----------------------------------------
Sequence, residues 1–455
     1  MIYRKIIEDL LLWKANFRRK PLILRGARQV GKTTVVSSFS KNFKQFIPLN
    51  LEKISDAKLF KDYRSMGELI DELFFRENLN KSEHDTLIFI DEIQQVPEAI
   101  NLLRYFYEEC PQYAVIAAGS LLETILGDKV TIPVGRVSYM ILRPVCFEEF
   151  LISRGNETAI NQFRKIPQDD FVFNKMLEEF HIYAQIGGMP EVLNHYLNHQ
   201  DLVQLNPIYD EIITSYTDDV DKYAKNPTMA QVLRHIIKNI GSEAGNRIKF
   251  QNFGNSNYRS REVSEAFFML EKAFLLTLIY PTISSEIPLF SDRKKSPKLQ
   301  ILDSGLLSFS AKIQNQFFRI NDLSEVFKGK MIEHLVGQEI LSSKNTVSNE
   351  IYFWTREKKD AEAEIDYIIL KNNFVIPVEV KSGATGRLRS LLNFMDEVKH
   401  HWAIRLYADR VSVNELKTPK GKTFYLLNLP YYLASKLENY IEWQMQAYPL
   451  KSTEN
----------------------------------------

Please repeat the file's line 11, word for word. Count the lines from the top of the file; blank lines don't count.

   451  KSTEN